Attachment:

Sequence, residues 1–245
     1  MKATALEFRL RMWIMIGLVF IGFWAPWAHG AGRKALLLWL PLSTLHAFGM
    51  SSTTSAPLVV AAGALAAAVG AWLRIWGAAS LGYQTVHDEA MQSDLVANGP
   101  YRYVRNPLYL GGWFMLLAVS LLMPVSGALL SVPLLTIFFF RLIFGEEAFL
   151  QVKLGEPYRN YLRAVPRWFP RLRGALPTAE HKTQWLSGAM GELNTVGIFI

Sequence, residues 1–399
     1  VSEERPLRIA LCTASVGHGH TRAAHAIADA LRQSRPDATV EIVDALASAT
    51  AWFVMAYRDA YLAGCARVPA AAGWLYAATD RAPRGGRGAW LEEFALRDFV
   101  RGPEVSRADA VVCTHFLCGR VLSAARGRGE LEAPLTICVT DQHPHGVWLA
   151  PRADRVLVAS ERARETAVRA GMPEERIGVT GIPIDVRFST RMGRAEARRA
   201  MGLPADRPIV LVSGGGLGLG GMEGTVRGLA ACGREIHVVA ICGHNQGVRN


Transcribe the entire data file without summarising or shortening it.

Sequence, residues 1–245
     1  MKATALEFRL RMWIMIGLVF IGFWAPWAHG AGRKALLLWL PLSTLHAFGM
    51  SSTTSAPLVV AAGALAAAVG AWLRIWGAAS LGYQTVHDEA MQSDLVANGP
   101  YRYVRNPLYL GGWFMLLAVS LLMPVSGALL SVPLLTIFFF RLIFGEEAFL
   151  QVKLGEPYRN YLRAVPRWFP RLRGALPTAE HKTQWLSGAM GELNTVGIFI

Sequence, residues 1–399
     1  VSEERPLRIA LCTASVGHGH TRAAHAIADA LRQSRPDATV EIVDALASAT
    51  AWFVMAYRDA YLAGCARVPA AAGWLYAATD RAPRGGRGAW LEEFALRDFV
   101  RGPEVSRADA VVCTHFLCGR VLSAARGRGE LEAPLTICVT DQHPHGVWLA
   151  PRADRVLVAS ERARETAVRA GMPEERIGVT GIPIDVRFST RMGRAEARRA
   201  MGLPADRPIV LVSGGGLGLG GMEGTVRGLA ACGREIHVVA ICGHNQGVRN